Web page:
“They seemed inspired and thrilled with their ability to feel better and be better.”
These observations led Aaron to question the approach the prison system takes.
“I could not help wonder how our whole system would adjust if this potential for real change became a recognized and accepted part of rehabilitation.”
Scott said he also no longer sees the traditional approaches to treatment as being all that effective.
“For years, we have been asking prisoners to relive the crimes and the life that led to the crimes. We are taking prisoners to dark places and then wonder why they resist our other programmes.
“I don’t know why we do this, other than some misguided belief that by doing so we can make them feel guilty for what they did and spur them to make changes,” he said. “I also think that the desire to address the risk people present has spurred psychological services in prisons to be more concerned with evidencing that they have challenged risky behaviour than actually helping prisoners to address that risky behaviour through personal insight.”
When the first year of the program came up for renewal in the summer, Scott gave it his endorsement.
“We need to operate in a different way,” he said. “Beyond Recovery and the Three Principles they teach is the other way. I have never been so sure of something before in my life.”
Jacqueline spent the next year researching addiction and 12-step recovery programs, as well as other paradigms that hinted that such treatments were not very effective. Along the way, she found her passion.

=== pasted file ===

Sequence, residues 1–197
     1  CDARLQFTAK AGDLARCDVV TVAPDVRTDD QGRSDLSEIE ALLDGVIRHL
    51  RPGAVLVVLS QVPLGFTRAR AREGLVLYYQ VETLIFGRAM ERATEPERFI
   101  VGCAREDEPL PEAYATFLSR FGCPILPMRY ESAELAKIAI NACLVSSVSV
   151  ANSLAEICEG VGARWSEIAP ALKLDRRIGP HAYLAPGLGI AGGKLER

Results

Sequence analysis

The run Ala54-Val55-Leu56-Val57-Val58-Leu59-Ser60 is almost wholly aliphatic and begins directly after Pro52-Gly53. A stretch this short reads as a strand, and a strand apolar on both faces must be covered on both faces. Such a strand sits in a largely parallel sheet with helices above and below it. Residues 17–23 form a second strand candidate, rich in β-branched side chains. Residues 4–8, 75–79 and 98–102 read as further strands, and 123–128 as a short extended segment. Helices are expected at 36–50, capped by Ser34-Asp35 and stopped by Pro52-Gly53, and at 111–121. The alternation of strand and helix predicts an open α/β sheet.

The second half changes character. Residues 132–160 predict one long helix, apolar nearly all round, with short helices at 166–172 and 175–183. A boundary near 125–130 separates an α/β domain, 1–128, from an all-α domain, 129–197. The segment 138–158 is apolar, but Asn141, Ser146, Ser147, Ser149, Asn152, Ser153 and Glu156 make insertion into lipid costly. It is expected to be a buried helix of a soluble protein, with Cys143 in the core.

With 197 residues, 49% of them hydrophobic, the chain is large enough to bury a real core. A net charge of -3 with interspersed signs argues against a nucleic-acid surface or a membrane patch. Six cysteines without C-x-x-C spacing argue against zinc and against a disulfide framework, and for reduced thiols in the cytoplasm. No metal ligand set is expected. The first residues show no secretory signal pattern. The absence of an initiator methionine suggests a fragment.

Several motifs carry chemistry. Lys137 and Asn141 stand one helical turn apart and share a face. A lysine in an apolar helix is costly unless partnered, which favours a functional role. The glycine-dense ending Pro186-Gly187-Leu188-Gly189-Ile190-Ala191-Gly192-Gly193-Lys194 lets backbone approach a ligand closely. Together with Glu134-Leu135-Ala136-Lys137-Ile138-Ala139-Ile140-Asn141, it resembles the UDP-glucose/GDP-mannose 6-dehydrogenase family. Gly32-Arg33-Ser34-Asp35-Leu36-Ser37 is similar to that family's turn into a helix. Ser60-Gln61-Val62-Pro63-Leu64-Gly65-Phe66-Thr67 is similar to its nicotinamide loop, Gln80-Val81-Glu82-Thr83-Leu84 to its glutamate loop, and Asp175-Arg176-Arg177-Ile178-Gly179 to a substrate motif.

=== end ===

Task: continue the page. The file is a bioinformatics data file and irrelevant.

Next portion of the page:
She spent a year working with people for free, mostly just talking with them. The principles poured out of her without her even thinking about it.
“Surprisingly, I started talking to people about the inside-out nature of life,” she said. “I just loved it.”
In 2014, she was introduced to Scott Davidson and others at Phoenix Futures, which works in many prisons in the UK providing treatment services to prisoners. She submitted a proposal for a pilot project – Beyond Recovery – that summer and it was approved in 2015.
The programme started in the summer of that year and has already seen significant improvements in prisoner behaviour, as measured in a variety of ways. A research project on the programme will be published later this fall showing further evidence as to its effectiveness.
The programme has now been implemented in two more prisons and is being considered as an addition to more prisons around the UK.
Jacqueline said the initial programme for prisoners lasts just two-and-a-half days with five brief follow-up sessions. It is anything but prescriptive.
“All we’re doing is introducing them to the Principles,” she said. “It shows you who you are right now and how the Principles are working within you right now. They start to see the truth of that and start to connect with a deeper sense of themselves.”
The prisoners catch on pretty quickly, Jacqueline said, and their behaviour starts to change.
“They are looking for a reason why life works in this way,” she said. “Once you know how a system works, you can rely on it. You don’t get scared by it.”
The programme now has the longest waiting list of any at the prison, she said. She anticipates that the prisoners may wind up having the biggest impact carrying this knowledge forward, both on fellow prisoners as well as on their families and friends post-prison, when they are released.
But the implications of this success among the prison population spread beyond the institutional setting, Jacqueline said.
“Beyond Recovery demonstrates the possibility of going from zero to a foothold, at least, in any situation and in any area in society,” she said.
“If it works in prison, there is nobody this couldn’t work with.”